You will have seen it by now. With 20 minutes remaining and visitors Leverkusen leading 1-0, Stefan Kiessling headed narrowly wide from a corner. The Leverkusen striker held his head in his hands after coming so close but the ball snuck into the goal via a hole in the side-netting.
Situated on the far side of the action, the majority of the players assumed it was a goal and, as a result, Hoffenheim never really kicked up a fuss. So it is somewhat understandable that Brych got it wrong.
“I had a little doubt but the reaction of the players was clear,” he told Sky. “There was no indication that there was anything wrong with the goal so that’s why I gave it.”
Brych had been ideally placed behind Kiessling but following a brief investigation he still saw no reason not to award a goal.
“Stefan Kiessling and I had an exchange. But no one, himself included, said to me that it wasn’t a goal. The ball was lying in the net and for everyone on the pitch it was a normal goal.”
With Leverkusen going on to win 2-1, calls to introduce video technology were plentiful afterwards. As Hoffenheim manager Markus Gisdol so memorably put it: "We’re not in the fifth century anymore."
Kiessling’s strike brought to mind another bizarre goal that never was – Thomas Helmer’s one-yard effort for Bayern Munich against Nuremburg in 1994. The goal was given after Helmer bundled the ball wide from a corner. The German FA granted a replay, which Bayern duly won 5-0.
Following the latest incident, Brych received support from former top-flight referee Dr Markus Merk (the Bundesliga seems to specialise in refs with doctorates).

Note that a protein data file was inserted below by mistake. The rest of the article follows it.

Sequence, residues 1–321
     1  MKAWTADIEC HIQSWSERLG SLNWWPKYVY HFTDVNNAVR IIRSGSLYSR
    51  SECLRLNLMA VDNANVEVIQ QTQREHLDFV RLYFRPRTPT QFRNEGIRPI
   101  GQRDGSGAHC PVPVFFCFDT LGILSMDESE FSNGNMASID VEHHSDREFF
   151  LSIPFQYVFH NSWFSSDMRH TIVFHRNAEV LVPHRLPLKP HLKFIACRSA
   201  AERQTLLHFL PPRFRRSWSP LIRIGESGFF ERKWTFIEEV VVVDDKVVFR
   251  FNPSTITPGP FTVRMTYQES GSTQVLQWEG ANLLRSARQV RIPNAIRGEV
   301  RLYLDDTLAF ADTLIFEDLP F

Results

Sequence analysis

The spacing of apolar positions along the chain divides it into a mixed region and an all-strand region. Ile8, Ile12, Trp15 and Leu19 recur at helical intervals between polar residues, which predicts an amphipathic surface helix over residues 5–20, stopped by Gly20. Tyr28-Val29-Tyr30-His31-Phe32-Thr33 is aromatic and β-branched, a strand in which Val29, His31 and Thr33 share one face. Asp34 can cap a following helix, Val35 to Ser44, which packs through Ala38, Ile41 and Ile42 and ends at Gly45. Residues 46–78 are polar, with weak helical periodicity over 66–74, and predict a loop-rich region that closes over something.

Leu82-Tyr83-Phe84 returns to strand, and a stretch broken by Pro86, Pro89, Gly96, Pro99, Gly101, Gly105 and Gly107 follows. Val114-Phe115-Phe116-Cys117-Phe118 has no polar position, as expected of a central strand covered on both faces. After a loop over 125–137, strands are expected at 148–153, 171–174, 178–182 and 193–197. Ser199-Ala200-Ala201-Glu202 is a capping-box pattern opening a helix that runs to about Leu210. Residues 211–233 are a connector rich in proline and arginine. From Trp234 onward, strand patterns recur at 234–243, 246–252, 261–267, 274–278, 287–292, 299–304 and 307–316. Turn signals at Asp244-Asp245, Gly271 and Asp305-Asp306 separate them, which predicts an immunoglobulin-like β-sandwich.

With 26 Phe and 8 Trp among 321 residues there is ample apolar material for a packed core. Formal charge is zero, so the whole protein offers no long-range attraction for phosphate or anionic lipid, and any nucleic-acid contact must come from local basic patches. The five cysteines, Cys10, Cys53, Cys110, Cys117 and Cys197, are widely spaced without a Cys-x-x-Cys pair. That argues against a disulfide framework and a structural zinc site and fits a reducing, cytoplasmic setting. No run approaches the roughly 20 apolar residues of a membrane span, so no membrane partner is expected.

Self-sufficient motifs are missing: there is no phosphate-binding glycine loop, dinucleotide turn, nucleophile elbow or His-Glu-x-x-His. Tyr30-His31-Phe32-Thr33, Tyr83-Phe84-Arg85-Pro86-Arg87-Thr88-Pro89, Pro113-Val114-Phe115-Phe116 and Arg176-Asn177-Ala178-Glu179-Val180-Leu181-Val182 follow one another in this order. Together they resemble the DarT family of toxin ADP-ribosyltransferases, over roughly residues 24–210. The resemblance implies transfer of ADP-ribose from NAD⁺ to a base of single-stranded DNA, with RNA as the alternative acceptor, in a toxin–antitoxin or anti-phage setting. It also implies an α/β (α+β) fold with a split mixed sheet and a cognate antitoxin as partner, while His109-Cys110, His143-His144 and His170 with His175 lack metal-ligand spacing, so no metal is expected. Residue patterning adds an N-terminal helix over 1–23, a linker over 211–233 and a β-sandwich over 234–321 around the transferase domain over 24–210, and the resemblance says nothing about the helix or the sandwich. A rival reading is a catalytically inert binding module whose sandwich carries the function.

“I have always been in favour of justice in football,” he said. “For me there can be only one decision: a replay.”
Brych was named referee of the year in Germany last season and on Tuesday Merk urged authorities to throw him straight back into Bundesliga action.
“One mistake should never overshadow the achievements of a sportsman over many years,” he told Abendzeitung Munchen.
There did not seem to be too much sympathy for Kiessling, who told Brych that he hadn’t seen his goal clearly.
To his credit, the 29-year-old let fans have their say on his Facebook page, promising that he was up for a “fair exchange”. But he was soon forced to delete some vulgar comments.
The feedback was such that by Tuesday Leverkusen decided to post a video interview with Kiessing on the club website.
“For me it’s very important that in the stadium 30,000 people didn’t see it,” he said of his ‘goal’. “And I was one of them. The criticism that was aimed at me over the past two days was very hard, because people accused me of having seen it and say that I should have told the referee.
“I think people know that if that were the case, that if I’d known there was a hole that the ball went into the goal through, then I would have been the last person not to say something about that stupid hole in the net.”
On Monday, the German Football Federation will decide whether to order a replay. Perhaps Brych can advise them - his doctorate is in law after all.
But the beauty of football is that the games keep coming - for players and officials.
On Wednesday Kiessling scored twice in Leverkusen’s win over Shakhtar Donetsk in the Champions League. His first goal was, inevitably, a header that this time hit the right side of the side-netting.
Brych, meanwhile, was the man in the middle for the meeting of AC Milan and Barcelona in Italy.
As for the infamous netting? Well, Hoffenheim have donated all 100 euros (£85) worth of it to a children’s charity. It will be auctioned on TV in December.
- Sports & Recreation
- Stefan Kiessling
- Felix Brych
- Bayer Leverkusen